Nobody likes Ted Cruz. Nobody. Even in his own party, Cruz is a pariah, the guy no one wants to chat with after the debate's over. It's easy to see why this is so. Cruz has worked exceptionally hard to be the least liked member of Congress. Indeed, the former Speaker of the House John Boehner has publicly referred to Cruz as a “jackass” and a “fase prophet.”
Uninterested in passing legislation, Cruz has behaved like a self-promoting nihilist since the day he was elected senator. His brinksmanship was on full display last September when both Republicans and Democrats passed a temporary spending measure designed to keep the government afloat for the remainder of the year. This was a measure that had to pass, that everyone knew would pass, but Cruz used it as an opportunity to grandstand before the cameras.
After being denied a roll-call vote (yet another empty gesture), he stood on the Senate floor and unloaded roughly five minutes of conspiratorial gas. “I mentioned to you [his colleagues],” Cruz said, “that the votes were always cooked here. How is it that Speaker Boehner and Leader McConnell can promise that there will never ever be a shutdown? Because, I believe, Speaker Boehner has decided to cut a deal with Leader Nancy Pelosi.” Like most things Cruz has done as a U.S. Senator, this performance accomplished nothing legislatively; it did, however, score him a few points with the Tea Party hard-liners in his base, and that was the whole point. This is who Cruz is and these are the kinds of things he does to advance his career.
It's no surprise that Cruz's antics have carried over to his presidential campaign. His “dirty tricks” in Iowa were well-publicized, and prompted Donald Trump to accuse him of “stealing” the election. Trump wrote on Twitter that “Based on the fraud committed by Senator Ted Cruz during the Iowa Caucus, either a new election should take place or Cruz results nullified.” Trump has a point, too.
Cruz's team dispensed misleading mailers the weekend leading up the caucuses. The mailers, according a Politico report, “showed the name of the person receiving the mail at the top and then gave them a grade on an A to F scale. Below, it showed their neighbors and their voting scores. It urged them to caucus next week and warned, 'A follow-up notice may be issued following Monday's caucuses.'” Cruz also released a statement during the caucuses falsely stating that Ben Carson was suspending his campaign, an underhanded attempt to hijack Carson's supporters.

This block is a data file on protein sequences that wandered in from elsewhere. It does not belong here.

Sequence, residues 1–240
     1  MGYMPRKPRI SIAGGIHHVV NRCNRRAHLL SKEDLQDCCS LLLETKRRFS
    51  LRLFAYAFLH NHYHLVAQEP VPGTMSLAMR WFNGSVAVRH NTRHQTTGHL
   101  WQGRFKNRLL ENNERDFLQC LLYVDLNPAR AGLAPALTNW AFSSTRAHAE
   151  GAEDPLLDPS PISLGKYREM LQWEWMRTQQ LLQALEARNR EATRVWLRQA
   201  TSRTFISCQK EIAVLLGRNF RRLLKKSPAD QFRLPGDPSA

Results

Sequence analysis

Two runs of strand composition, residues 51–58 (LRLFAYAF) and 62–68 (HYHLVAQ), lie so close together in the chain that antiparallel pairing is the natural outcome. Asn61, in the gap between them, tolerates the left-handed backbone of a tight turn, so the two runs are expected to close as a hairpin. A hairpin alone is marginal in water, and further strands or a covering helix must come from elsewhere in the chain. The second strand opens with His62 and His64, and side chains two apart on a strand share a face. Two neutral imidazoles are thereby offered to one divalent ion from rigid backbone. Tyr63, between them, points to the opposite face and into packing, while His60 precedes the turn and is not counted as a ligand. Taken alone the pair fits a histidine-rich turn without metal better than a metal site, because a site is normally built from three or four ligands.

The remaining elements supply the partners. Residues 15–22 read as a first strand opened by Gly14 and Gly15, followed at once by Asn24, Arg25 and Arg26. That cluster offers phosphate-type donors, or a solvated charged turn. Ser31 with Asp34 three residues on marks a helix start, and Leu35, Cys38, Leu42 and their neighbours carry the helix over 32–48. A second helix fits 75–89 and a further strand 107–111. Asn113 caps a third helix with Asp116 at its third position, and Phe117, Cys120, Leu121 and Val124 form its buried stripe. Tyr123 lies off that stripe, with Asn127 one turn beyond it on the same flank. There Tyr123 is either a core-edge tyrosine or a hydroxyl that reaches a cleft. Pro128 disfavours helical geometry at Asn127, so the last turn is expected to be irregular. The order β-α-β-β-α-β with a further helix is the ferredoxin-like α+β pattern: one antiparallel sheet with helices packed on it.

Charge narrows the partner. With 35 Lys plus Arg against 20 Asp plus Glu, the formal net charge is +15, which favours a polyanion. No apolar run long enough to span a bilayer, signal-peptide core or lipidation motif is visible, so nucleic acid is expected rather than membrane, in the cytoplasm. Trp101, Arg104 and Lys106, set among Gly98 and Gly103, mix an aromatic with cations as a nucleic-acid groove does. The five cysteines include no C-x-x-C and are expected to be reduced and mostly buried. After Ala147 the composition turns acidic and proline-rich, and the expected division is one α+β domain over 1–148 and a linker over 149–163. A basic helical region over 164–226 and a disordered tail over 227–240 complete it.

The contempt for Cruz is becoming more and more obvious as the presidential race unfolds. Mike Huckabee, who recently suspended his campaign, spoke with unusual candor about Cruz this week. Whatever you think of Huckabee, he is, generally speaking, a pleasant guy. Thus it was telling when Huckabee took time out of his most recent podcast to say the following of Cruz:
“Ted Cruz apologized for his campaign spreading a false story that Ben Carson had dropped out of the race but he deflected blame to CNN. Dr. Carson, being a good Christian, accepted the apology on a personal level, but he didn't buy Cruz's claims of innocent intentions...I can attest to the fact that even in our campaign there were many efforts to try and say that people shouldn't vote for me or Rick Santorum or Ben Carson. The Cruz people said it would be a wasted vote and they should vote for Cruz. It wouldn't have made a difference for any of us, but it is the kind of low-life, sleazy politics people truly get sick of.”
That statement is dripping with disdain, and the sentiment behind it is clearly shared by Huckabee's Republican colleagues. And you can expect to hear more of it in the future. Already an outcast, Cruz will burn every bridge in pursuit of the presidency. At this point, it's about his brand anyway. He'll never be a productive senator – that requires relationships and compromise. A scorched earth strategy is Cruz's only path to the nomination now – and it will fascinating to see just how far he goes.